Standing on the summit we took in the view - a perspective no other human had seen before. I felt privileged to stand where no-one else had ventured before, but the unique view was our reward for the climb. A huge sense of accomplishment overwhelmed me. It wasn’t just the achievement, but about doing it together, with my wife. We looked across the valley; it offered an insight into potential routes on two other 5,000m+ mountains. This would be invaluable first-hand information for the coming days.

The others within the team were also successful in ticking off another 4,000m peak in the area. Back at base camp we shared our findings; possible routes and objective dangers like areas of high crevasses or seracs. We lapped up the information, ready to return to our new objectives after a rest day or two.


Our water barrel was filled up daily. Each morning we would take the small goat track to the water's edge. It was clearest in the morning when the river was placid and the glacial silt hadn’t been disturbed by the daily ebb and flow of the meltwater up above.

The weather report came in each day at 3am, giving us the chance to begin planning our next objective. The two 5,000m peaks that we’d seen from our summit a few days ago looked a lot more complex to climb, with an aesthetic couloir leading to a higher plateau and hopefully onto the peak. This would be our next objective.

"Our climbing hardware hung from the roof, a rope divided our roll matt and our boots acted as pillows."


We gathered our gear and made the slow walk up to advanced base camp. The walk was tiresome; river crossings and undulating ground broken by hundreds of marmot holes. As the clouds grew dark, Ewa and I placed our tiny tent at the foot of the glacier. Not as close to the climb as we wanted, but at least it meant we could go light and fast in the morning and leave our bivvy kit behind. It also meant we could get the weather report from the team bivvying up in the tent beside us. Only our axes and walking poles stayed outside the tent. Everything else came inside despite the lack of room. Our climbing hardware hung from the roof, a rope divided our roll matt and our boots acted as pillows.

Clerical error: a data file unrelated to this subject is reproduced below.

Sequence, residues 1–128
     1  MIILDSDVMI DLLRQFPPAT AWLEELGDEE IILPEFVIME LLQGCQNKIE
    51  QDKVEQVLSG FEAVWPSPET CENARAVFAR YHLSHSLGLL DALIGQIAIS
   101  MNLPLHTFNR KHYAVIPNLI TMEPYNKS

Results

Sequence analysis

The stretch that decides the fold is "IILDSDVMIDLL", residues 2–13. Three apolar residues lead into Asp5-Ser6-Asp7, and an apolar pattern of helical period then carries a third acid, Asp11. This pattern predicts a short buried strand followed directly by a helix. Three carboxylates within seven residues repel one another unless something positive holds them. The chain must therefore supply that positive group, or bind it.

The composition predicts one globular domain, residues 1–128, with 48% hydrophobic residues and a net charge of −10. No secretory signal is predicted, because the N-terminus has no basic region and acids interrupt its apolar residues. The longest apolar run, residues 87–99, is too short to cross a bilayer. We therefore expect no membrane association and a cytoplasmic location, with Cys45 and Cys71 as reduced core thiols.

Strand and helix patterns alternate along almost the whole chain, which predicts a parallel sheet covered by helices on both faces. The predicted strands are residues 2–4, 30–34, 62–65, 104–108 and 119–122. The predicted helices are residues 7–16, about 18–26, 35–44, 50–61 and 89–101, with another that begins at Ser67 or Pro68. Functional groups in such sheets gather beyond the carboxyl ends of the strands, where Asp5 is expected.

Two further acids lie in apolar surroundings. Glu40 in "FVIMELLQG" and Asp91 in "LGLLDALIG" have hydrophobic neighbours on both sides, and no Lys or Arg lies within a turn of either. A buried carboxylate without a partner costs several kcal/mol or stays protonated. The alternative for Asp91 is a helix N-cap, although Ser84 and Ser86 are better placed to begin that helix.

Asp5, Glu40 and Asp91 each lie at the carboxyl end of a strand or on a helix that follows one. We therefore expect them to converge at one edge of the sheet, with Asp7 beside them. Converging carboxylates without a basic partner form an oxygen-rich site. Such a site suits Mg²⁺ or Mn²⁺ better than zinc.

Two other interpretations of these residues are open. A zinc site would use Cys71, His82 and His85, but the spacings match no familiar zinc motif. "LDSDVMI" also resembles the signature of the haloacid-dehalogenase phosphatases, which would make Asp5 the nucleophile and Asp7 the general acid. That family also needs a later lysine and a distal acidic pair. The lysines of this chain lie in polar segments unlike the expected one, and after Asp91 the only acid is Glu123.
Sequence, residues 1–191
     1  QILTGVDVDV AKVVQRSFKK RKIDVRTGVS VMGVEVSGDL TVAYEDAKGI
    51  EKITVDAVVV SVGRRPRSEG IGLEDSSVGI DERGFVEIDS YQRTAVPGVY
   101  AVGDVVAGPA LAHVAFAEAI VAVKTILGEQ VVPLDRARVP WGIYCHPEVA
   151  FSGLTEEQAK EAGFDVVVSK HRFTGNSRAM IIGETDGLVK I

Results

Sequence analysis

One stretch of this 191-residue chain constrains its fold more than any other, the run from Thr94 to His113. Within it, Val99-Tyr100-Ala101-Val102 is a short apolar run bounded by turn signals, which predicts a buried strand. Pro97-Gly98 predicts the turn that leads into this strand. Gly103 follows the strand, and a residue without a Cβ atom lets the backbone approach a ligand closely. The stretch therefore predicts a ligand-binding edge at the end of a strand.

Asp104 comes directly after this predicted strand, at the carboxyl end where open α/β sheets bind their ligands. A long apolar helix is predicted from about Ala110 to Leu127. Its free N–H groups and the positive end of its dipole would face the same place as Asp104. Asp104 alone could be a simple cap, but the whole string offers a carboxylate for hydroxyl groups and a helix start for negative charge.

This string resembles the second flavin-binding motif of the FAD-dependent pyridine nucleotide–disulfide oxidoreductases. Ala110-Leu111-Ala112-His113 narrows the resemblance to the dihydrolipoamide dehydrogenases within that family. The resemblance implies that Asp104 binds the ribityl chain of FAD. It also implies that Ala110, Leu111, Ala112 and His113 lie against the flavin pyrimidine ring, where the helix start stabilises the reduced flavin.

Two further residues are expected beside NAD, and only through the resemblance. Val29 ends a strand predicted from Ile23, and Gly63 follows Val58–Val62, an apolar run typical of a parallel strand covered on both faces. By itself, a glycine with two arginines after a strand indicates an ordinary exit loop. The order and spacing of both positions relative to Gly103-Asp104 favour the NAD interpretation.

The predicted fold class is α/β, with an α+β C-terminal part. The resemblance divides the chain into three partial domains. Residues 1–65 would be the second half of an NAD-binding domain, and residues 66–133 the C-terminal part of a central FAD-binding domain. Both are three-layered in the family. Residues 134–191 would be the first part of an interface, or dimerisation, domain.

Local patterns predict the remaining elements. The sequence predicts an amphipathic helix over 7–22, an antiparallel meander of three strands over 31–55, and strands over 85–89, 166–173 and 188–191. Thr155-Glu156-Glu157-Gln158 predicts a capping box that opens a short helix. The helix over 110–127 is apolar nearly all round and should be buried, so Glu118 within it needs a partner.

The familiar sound of water drops on taught fabric tapped away, picking up pace until a frenzy of rain battered our tent. It was unrelenting and lasted right up until our 2.30am alarm. The fresh snow on the hill would hinder our climbing and so we opted to head back down to the base camp. In the following days the bad weather slowed down our momentum. We needed a hot spell and some wind to climb safely in the mountains again. The surrounding peaks around our basecamp were now frosted with snow and we knew the higher peaks would be challenging. 

DAY 13

This was our final opportunity to head up to advanced base camp and secure another climb. The weather had improved, so all six of us left early for the long walk in. 

DAY 14

Ewa and I would climb together alongside Joe and Will. Leaving at 2.30am we gained the glacier. The icy amphitheatre ahead was illuminated by the moonlight and at the back, our couloir awaited. Biding our time at base camp and waiting for good conditions seemed to have paid off as the couloir was in perfect condition. We cruised up the left hand side, simul-climbing while protecting ourselves with running gear placements in the sturdy granite to our side. On topping out we were greeted by the sun and a new playground of opportunities as we looked across the plateau. Unfortunately, a lot of the recent snowfall had been trapped here and we waded slowly for the next hour until the 5,000m summit came into view.